Reminder to park visitors. Fireworks are prohibited at Prince William Forest Park.
Oak Ridge Campground Site A29 closure
Oak Ridge Campground site A29 will be closed until safety concerns have been mitigated. Please do not use that site until it has been reopened.
Warm Wet Spring = More Ticks
Please check yourself and your pets for ticks continually during and after your visit. Ticks are less prevelent if you stay on trail or in mowed areas. Wearing light colored clothing helps you spot them before the attach.
Outside firewood is prohibited in Prince William Forest Park, unless it is certified USDA 'bug free' firewood. Dead and downed wood may be collected from designated areas for use while in the park. Help us protect the forest from invasive species!
Visitor Center Remodel 2014
Over the next several months there will be new changes coming to the Visitor Center. Presently we are remodeling the bookstore area to give it more of a country theme. Next the exibit area will get all new exhibits. Thank you for your patience and support
Archeology of the Poor House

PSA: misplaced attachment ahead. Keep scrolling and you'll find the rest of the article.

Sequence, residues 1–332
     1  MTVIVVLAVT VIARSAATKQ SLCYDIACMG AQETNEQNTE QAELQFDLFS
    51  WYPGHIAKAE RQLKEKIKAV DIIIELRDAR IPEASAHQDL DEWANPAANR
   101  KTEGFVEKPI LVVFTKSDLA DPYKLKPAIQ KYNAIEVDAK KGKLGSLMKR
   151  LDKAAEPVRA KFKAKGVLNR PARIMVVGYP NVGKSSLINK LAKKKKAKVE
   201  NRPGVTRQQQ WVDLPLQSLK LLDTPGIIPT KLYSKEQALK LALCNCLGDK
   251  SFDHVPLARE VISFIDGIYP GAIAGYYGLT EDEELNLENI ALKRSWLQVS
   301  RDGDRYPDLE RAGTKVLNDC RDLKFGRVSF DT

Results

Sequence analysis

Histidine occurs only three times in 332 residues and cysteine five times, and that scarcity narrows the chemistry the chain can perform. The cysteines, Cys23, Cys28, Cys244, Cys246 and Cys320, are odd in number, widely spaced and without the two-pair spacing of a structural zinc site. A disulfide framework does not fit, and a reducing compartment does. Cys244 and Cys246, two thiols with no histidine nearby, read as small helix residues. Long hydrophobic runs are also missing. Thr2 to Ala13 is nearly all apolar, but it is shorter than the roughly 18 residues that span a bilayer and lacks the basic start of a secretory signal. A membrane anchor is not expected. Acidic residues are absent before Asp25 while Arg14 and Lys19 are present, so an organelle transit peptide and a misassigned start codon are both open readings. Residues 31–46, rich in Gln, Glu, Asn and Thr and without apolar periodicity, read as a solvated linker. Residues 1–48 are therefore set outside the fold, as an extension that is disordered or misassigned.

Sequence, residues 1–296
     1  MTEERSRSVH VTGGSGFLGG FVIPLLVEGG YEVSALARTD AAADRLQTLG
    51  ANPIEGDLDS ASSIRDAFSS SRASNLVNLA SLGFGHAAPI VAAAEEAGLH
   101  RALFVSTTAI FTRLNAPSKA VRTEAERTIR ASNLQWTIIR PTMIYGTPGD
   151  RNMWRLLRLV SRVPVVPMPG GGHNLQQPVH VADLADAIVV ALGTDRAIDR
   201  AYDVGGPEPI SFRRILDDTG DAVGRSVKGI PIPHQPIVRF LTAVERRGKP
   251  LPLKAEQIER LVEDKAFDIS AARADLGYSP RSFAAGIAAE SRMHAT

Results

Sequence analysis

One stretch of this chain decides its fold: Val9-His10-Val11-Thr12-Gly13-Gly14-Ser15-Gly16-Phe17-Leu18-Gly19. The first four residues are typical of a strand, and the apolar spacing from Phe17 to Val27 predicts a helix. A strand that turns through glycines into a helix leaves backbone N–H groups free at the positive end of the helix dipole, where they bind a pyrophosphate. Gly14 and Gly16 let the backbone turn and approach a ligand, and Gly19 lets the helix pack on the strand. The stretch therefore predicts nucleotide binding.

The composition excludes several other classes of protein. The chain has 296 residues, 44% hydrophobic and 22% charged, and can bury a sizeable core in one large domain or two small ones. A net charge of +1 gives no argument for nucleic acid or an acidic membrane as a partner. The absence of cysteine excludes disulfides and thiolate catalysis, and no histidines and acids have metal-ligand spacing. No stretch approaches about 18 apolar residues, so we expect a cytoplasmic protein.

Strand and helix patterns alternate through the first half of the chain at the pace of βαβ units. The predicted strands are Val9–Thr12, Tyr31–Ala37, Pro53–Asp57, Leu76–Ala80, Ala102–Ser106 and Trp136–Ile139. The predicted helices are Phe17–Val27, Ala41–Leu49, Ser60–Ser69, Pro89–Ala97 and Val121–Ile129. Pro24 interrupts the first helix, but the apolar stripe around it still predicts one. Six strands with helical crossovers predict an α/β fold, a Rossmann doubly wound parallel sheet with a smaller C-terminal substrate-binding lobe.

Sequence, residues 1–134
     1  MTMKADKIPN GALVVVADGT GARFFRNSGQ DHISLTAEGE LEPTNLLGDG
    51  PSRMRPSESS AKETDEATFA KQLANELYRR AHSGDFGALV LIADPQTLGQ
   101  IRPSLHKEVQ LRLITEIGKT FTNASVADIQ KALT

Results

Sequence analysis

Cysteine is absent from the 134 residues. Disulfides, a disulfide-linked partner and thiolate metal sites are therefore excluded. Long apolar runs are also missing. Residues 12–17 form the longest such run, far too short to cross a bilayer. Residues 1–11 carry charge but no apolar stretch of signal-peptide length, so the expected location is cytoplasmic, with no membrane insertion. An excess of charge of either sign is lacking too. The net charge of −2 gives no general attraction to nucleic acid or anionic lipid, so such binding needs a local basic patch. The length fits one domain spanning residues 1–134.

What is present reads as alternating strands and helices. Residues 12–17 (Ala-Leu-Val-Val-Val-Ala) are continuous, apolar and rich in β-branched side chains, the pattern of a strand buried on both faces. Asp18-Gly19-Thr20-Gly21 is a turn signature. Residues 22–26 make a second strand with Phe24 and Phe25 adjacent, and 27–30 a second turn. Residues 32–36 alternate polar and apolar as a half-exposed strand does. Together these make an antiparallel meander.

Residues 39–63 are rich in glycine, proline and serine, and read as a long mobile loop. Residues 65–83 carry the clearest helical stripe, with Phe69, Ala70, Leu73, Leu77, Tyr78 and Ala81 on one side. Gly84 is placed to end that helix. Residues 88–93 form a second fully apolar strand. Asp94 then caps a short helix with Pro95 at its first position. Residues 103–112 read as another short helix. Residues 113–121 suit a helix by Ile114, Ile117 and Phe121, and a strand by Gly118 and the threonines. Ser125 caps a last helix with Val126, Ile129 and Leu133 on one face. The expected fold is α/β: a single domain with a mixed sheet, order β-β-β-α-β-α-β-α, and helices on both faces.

The Poor House Site is in the northwest corner of the Park, on the crest of a large east-west ridge. Archeologists found a well and at least four buildings on the site. They date to two different periods, one before and one after the Civil War.
The earlier buildings were at the eastern end of the site. A rubble foundation measuring 14 x 30 feet, with a stone chimney base at one end, was probably the Poor House of the 1790s. Near this barracks building is another level area, with a pile of brick and stone at one end. The artifacts from this area also date to before the Civil War. This area may be the location of some of the log cabins the overseers ordered.
The Post-Civil War buildings are a house with stone foundations measuring 18 x 20 feet, probably the residence of the overseer; a barn foundation; and a level area measuring about 20 x 100 feet where excavation produced hundreds of nails. This level area is almost certainly where the large barracks described in the 1920s stood.
Did You Know?
By the 1900s, Beavers were entirely extirpated from Virginia and were difficult to find across the entire lower 48 states due to over-consumption by humans. In 1950, Boy Scouts reintroduced 5 beavers into Prince William Forest Park. Today are more than 80 beavers in the 15,000 acre park.